In an alternative embodiment (not shown) the electrically conductive strands comprise conductive tape which is applied to the form without the need of grooves, but otherwise in substantially the same arrangement as described above relative to the use of wires as conductive strands.
In operation of the search coil assembly, it is imperative that there be no relative movement between the wires 60 (or tapes) and the frame 2. To insure that such movement does not occur, the wires 60 (less the free ends) are embedded in molten plastic. It is also important that no moisture reach the wires. The embedding of the wires in plastic further serves to keep the wires free from moisture. Before applying plastic to the assembly, the aperture 12 is filled by a block 70 which shields the frame internal surfaces 14, 22, 30 and 40 (FIG. 2) and supports the frame to prevent distortion thereof during the plastic application stage.
With the block 70 filling the aperture 12 and extending in both directions therefrom, the frame and wire assembly is covered with molten plastic as by spraying, dipping, or molding. The plastic may be an epoxy, a foam-in-place plastic, or any such plastic, or plastic-like matter as will readily adhere to the frame and wires. A polyurethane foam type plastic has been found to be advantageous. This material may be applied as a liquid which upon setting goes through an expansion process which fills all voids around the coils. The thickness of the plastic coating should be such as to completely embed the wires and protect them from moisture. In addition, it is desirable to have the plastic layer thick enough to maintain the metal layer, still to be applied, a sufficient distance from the wires 60, it having been discovered that close proximity of the metal casing to the wires greatly diminishes the effectiveness of the assembly. A thickness of about one to six inches is generally deemed sufficient. After application, the plastic coating 80 is allowed to set up and harden (FIG. 3). A cavity 52 is preferably molded at this stage into one end of the assembly to form a compartment 54 for electronic circuitry.
The present state of the art in the manufacture of metal detector search coil systems requires that a metallic shield be placed around the electrical coils in all directions, except the inspection direction. Accordingly, to the plastic coated coil assembly of FIG. 3 there is added a coating 90 of fluid metal, as by metallic painting, arcspraying, plating, vacuum depositing, and the like. The metal coating 90 completely covers the plastic (FIG. 5), other than in the cavity 52, and adheres thereto. The metal preferably may be zinc, aluminum or stainless steel. The metal 90 is allowed to set up and harden and the block 70 is removed from the aperture 12. A cover plate 56 may be used to cover the compartment 54 (FIG. 4). The cover plate 56 includes an inner surface of conductive material which is insulated by a suitable gasket 58, or the like, from the metallic coating 90. There may be used, for example, a metallic plate 56 with a rubber gasket 58, or a plastic plate 56 having the inner surface coated with conductive material, with the outer margins of the inner surface of the plastic plate left uncoated.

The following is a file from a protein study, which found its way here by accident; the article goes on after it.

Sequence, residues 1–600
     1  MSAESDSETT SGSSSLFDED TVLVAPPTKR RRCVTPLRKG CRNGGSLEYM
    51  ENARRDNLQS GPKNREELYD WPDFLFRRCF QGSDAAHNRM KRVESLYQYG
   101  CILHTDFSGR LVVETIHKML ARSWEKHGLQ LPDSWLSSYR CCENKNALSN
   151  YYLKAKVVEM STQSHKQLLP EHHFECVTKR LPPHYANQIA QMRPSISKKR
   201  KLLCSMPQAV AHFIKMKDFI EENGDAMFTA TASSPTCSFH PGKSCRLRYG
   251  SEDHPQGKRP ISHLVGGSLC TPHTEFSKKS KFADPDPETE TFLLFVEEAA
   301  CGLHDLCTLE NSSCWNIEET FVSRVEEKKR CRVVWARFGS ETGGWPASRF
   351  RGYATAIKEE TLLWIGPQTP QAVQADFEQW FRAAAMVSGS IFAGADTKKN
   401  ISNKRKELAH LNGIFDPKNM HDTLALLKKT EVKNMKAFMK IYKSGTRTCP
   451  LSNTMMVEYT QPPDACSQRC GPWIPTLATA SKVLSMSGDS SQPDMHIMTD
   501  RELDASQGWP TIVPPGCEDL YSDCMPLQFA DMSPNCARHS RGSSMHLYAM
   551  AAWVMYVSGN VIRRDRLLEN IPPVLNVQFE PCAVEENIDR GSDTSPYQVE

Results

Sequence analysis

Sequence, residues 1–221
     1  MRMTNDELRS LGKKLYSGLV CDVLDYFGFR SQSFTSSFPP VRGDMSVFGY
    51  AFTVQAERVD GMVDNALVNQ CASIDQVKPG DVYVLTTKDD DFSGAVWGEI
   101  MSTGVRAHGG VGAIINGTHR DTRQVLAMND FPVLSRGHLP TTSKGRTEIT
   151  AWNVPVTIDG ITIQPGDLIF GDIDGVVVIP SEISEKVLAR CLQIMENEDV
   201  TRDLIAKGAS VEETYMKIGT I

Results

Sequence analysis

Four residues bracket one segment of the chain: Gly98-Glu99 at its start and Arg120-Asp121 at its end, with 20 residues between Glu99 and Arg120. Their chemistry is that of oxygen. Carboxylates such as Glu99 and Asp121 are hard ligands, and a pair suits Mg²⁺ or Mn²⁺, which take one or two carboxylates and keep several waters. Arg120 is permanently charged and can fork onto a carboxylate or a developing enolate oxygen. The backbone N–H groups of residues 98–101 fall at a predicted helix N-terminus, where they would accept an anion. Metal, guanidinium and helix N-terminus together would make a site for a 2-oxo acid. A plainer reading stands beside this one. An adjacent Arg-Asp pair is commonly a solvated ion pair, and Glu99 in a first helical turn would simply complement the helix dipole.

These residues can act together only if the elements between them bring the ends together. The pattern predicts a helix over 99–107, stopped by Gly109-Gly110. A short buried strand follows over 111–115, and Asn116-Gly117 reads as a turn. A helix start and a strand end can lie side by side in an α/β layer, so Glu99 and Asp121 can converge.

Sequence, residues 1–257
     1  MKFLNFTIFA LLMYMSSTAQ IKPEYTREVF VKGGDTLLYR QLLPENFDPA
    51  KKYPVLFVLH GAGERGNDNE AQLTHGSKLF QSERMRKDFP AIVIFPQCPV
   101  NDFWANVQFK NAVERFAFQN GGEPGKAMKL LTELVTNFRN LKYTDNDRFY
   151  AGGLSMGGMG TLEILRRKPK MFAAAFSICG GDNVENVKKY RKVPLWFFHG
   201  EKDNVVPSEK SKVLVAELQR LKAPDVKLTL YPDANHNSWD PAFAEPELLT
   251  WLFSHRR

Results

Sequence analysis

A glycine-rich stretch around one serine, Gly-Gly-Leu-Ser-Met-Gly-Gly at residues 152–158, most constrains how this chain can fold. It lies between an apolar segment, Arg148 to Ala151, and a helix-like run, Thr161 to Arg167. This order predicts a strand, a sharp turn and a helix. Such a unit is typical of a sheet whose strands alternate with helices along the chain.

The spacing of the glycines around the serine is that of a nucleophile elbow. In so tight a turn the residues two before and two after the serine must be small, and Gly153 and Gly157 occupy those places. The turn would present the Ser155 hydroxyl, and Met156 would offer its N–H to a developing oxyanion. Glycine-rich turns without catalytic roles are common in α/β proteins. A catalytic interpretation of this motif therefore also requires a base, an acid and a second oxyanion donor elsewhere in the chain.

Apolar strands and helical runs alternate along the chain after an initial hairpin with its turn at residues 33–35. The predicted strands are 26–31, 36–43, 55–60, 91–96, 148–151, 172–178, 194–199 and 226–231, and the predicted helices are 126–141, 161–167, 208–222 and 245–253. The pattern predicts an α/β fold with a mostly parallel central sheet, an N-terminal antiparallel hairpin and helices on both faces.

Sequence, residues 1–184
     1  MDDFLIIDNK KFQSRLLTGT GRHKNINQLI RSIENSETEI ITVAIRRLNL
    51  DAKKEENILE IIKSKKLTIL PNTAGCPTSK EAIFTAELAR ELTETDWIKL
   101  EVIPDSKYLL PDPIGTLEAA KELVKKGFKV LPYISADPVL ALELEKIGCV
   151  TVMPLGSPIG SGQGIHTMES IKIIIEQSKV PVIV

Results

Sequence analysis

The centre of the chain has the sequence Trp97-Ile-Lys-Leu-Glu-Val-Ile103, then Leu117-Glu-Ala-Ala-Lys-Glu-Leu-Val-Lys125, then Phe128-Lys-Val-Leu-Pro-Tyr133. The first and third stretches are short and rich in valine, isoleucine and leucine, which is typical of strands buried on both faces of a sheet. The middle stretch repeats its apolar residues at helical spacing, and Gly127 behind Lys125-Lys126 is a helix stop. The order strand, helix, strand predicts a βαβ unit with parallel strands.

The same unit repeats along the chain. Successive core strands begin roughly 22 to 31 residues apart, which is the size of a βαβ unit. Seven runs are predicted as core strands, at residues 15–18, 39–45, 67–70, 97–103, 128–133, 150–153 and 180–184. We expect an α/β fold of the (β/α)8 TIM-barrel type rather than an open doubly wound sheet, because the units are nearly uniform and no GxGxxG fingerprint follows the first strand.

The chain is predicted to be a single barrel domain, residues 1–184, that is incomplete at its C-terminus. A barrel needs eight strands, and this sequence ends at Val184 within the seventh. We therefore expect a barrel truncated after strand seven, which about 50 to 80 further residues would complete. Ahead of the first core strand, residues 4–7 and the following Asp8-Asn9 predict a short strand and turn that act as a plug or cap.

The exposed internal surfaces 14, 22, 30, 40, of the frame 2 are then spray coated with a conductive material 100, such as carbon, which is of reduced conductivity and which creates an electrostatic shield to prevent false readings which might otherwise be occasioned by the passage of a conveyor belt through the coil assembly. This coating 100 is then protected by the insertion of sheet plastic 102. The carbon coating is thereby insulated from the outer metal case and is grounded by a separate connection (not shown).
Upon completion of the above series of steps, there is provided a metal detector search coil unit, as shown in FIGS. 4 and 5, including the frame 2, coils of electrically conductive strands 60 wound on the frame, a coating 80 of plastic adhering to and enveloping the frame and wires, and a coating 90 of metal adhering to and enveloping the plastic material.
The search coil assembly is then connected to the remainder of a metal detector apparatus, including a conveyor belt B (FIG. 5) extending through the aperture 12 to convey packages P through the aperture for inspection for metal particles, in accordance with known procedures, and the coil free ends connected to electronic circuitry disposed in the cavity 52 and/or external to the search coil assembly.
It is to be understood that the present invention is by no means limited to the particular construction herein disclosed and/or shown in the drawings, but also comprises any modifications or equivalents within the scope of the disclosure. For example, the aperture 12 may be of any shape required by a given product, such as rounded, square, rectangular, and the like.